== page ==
Perth Mint Swindle

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Perth Mint

The Perth Mint Swindle is the popular name for the robbery of 49 gold bars weighing 68 kg from the Perth Mint in Western Australia on 22 June, 1982. The bullion was valued at A$653,000 at that time (2011:$2.02 million). As of 8 January 2018, the value of the 68 kilograms of gold would approach AUD $3.7 Million.

According to police at the time, three brothers, Ray, Peter and Brian Mickelberg, orchestrated the robbery. The three went to trial and were found guilty of the conspiracy and sentenced in 1983 to twenty, sixteen and twelve years in jail respectively.

All three convictions were overturned in 2004. To date the case remains unsolved and continues to be fought by the Mickelbergs who maintain their innocence and allege a conspiracy by the Western Australia Police to frame them.

Mickelberg brothers[edit]

Soon after the robbery police investigations focused on the Mickelberg brothers. According to the police, the brothers stole cheques from a Perth building society and then fooled the mint into accepting those cheques in exchange for gold bullion which, it was alleged, the brothers had a courier pick up.[1] The gold was picked up by a security company who delivered it to an office in Perth and then to Jandakot Airport, from where it seemingly disappeared.

In a separate matter, in September 1982, the three brothers, their parents and another man Brian Pozzi were charged over a matter relating to a manufactured gold nugget known as the "Yellow Rose of Texas".[2] Perth Businessman Alan Bond had purchased the nugget for $350,000 in November 1980. It was later found to be worth less than $150,000 and Raymond Mickelberg and Brian Pozzi pleaded guilty to charges of conspiracy to fraud at their June 1984 trial.

After serving nine months of his jail term and having his conviction overturned on appeal, Brian was released from jail but died in a light aircraft crash on 27 February 1986, when the twin-engined Aero Commander he was flying ran out of fuel near Canning Dam on the outskirts of Perth.[3] Whilst in prison, Ray and Peter embarked on a series of seven appeals against their convictions, essentially on the grounds that their confessions had been fabricated by police investigators. Ray and Peter served eight and six years of their sentences respectively before being released on parole.

In 1989, 55 kg of gold pellets, said to have been from the swindle, were found outside the gates of TVW-7 (currently Channel Seven Perth), a Perth television station, with an anonymous note addressed to one of the station's reporters—Alison Fan—protesting the Mickelberg's innocence and claiming that a prominent Perth businessman was behind the swindle.[4]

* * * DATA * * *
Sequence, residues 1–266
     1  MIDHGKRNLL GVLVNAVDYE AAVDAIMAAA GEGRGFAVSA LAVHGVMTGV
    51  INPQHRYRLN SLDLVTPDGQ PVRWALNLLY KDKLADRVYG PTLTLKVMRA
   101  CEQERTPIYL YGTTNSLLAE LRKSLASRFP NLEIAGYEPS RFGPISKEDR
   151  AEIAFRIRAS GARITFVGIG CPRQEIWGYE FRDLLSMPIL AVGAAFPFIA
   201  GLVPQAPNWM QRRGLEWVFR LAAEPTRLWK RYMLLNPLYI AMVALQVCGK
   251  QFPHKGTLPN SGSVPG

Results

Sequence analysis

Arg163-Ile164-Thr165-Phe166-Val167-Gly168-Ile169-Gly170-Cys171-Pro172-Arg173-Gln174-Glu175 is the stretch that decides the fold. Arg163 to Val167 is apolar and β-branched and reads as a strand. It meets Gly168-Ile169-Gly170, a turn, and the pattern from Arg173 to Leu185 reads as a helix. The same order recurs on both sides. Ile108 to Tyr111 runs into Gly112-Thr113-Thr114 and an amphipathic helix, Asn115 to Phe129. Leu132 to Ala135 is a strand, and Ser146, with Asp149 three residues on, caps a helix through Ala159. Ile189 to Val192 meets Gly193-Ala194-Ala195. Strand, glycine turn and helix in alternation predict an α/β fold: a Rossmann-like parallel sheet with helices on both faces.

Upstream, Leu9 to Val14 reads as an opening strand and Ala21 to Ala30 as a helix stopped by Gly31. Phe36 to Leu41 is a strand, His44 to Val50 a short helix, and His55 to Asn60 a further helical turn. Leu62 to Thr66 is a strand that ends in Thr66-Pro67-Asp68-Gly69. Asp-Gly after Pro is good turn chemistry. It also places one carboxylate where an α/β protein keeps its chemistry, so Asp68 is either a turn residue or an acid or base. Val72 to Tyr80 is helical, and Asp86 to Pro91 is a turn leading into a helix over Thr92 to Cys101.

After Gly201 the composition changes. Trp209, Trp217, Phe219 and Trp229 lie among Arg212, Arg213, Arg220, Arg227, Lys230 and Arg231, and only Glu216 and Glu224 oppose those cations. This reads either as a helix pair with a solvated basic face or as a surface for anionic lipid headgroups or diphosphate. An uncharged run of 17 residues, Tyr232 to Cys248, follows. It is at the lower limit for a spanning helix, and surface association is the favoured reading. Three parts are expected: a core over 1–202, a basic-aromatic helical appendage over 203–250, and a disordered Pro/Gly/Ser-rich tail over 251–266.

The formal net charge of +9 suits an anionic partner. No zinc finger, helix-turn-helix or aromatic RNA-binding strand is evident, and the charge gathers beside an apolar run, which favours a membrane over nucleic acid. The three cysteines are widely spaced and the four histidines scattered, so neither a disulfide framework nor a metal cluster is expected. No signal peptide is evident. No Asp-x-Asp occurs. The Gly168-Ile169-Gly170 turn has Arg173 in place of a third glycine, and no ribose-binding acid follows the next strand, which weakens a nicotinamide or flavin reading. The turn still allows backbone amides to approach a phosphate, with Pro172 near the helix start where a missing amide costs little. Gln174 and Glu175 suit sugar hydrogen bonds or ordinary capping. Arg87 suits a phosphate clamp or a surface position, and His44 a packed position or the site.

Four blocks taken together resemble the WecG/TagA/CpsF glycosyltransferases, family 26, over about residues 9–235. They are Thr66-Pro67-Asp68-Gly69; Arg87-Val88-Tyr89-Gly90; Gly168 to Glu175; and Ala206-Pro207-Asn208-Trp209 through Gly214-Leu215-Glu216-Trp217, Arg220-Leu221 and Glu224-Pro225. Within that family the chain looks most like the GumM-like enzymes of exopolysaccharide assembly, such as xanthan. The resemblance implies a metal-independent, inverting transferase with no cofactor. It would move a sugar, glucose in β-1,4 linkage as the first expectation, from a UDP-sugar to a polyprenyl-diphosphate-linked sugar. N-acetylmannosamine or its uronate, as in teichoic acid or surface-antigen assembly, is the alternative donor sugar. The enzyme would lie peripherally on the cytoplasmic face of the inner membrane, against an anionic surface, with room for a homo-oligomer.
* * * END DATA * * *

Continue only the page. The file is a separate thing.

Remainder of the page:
Police officers[edit]

Don Hancock[edit]

The senior investigating officer in the case was Detective-Sergeant Don Hancock who was later promoted to head of the State Criminal Investigation Bureau (CIB). Hancock and a friend, Lou Lewis, died in a bomb explosion outside Hancock's home in Lathlain in September 2001. Hancock was murdered by Gypsy Joker Sid Reid in revenge for the murder of Billy Grierson, allegedly by Hancock after Grierson "made obscene comments in front of his daughter." A subsequent (2003) prosecution of an alleged accomplice was unsuccessful.[5]

At the 2006 inquest into the October 2000 shooting death Billy Grierson, the coroner stated: "There is a significant body of evidence which suggests Mr Hancock may have been the shooter," but the Gypsy Jokers "could have a large number of enemies." he was unable to determine who Grierson's killer was because Hancock was now dead, police had failed to conduct routine forensic science tests and had failed to search Hancock's home. The relevant senior investigating officer was Kim Gage, head of Kalgoorlie detectives, who had reportedly spent the day drinking with Hancock and others.[5] Reid was convicted of the murder and sentenced to life in jail[6] which was reduced to 15 years for helping police in the failed second prosecution.[5]

Tony Lewandowski[edit]

In 2002, midway through a State Royal Commission into police corruption, a retired police officer who had been at the centre of the case, Tony Lewandowski, made a confession of his involvement in fabricating evidence which was used to help frame the brothers. Lewandowski's senior officer during the investigation was Don Hancock. The two were the only persons present at the brothers' interviews following the Mickelberg arrests.[7]

"(On that day), Don Hancock came into the room and told me to make Peter strip naked. Don then went up to Peter and gave him two or three quick punches in the solar plexus. The statements purportedly taken from Peter Mickelberg on July 26, 1982, were in fact not taken in Peter's presence that day, but were a fabrication made by Don Hancock and myself shortly after September 2, 1982. I gave evidence at the trial and numerous appeals. All that evidence in relation to the so-called confessions was false." —Statement of Tony Lewandowski